The effectiveness of Bayesian state-space models for estimating behavioural states from movement paths


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  1. Bayesian state-space movement models have been proposed as a method of inferring behavioural states from movement paths (Morales et al. 2004), thereby providing insight into the behavioural processes from which patterns of animal space use arise in heterogeneous environments. It is not clear, however, how effective state-space models are at estimating behavioural states.
  2. We use stochastic simulations of two movement models to quantify how behavioural state movement characteristics affect classification error. State-space movement models can be a highly effective approach to estimating behavioural states from movement paths.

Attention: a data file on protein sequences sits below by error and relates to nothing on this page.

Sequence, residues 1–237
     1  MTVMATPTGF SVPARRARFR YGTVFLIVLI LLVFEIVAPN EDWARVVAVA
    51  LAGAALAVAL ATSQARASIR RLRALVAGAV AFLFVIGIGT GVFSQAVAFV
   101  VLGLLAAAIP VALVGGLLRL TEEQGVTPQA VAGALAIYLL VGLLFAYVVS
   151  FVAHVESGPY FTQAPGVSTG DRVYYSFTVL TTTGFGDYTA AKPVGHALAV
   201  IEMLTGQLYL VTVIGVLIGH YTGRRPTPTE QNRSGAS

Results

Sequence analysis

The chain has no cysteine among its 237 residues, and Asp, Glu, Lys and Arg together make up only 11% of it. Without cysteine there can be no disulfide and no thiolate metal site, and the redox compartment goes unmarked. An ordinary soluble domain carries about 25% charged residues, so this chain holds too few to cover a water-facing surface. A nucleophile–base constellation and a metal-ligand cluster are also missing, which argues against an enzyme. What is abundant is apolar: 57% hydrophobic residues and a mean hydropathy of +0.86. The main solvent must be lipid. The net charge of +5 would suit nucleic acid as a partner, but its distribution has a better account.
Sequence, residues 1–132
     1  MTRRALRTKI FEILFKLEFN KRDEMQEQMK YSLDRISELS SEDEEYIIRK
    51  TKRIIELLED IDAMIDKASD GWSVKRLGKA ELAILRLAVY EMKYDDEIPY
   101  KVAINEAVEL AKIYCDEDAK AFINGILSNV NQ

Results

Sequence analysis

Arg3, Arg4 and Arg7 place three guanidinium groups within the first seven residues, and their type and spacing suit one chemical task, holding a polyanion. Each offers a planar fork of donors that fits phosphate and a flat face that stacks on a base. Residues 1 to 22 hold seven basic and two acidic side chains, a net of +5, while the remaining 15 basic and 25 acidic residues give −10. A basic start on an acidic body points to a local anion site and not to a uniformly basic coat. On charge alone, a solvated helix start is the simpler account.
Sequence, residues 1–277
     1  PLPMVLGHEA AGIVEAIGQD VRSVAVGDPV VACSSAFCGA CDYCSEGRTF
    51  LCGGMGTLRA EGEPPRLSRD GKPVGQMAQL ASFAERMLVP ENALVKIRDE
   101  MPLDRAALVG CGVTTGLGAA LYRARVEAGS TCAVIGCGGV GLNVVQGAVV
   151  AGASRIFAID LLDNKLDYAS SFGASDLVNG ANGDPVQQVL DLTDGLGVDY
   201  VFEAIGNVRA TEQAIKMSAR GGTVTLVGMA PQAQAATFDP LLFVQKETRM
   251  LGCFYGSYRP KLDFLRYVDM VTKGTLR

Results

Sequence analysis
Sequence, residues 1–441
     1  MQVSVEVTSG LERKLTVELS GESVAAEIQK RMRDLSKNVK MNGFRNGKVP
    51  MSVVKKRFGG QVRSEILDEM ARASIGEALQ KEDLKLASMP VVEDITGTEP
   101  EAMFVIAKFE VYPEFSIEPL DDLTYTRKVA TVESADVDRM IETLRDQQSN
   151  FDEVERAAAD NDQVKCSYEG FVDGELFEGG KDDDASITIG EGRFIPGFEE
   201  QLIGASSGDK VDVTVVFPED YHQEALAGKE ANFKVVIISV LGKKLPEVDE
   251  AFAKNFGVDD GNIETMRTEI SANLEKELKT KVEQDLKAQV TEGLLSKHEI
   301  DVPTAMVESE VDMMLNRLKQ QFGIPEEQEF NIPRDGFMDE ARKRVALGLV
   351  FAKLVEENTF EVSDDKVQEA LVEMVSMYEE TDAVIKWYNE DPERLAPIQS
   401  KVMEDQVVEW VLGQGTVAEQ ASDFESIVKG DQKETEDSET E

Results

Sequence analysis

3. Classification accuracy was contingent upon the degree of separation between the distributions that characterize the states (e.g. step length and turn angle distributions) and the relative frequency of the behavioural states. In the best case scenarios classification accuracy approached 100%, but was close to 0% when step length and turn angle distributions of each state were similar, or when one state was rare. Mean classification accuracy was uncorrelated with path length, but the variance in classification accuracy was inversely related to path length.
  4. Importantly, we find that classification accuracy can be predicted based on the separation between distributions that characterize the movement paths, thereby providing a method of estimating classification accuracy for real movement paths. We demonstrate this approach using radiotelemetry relocation data of 34 moose (Alces alces).
  5. We conclude that Bayesian state-space models offer powerful new opportunities for inferring behavioural states from relocation data.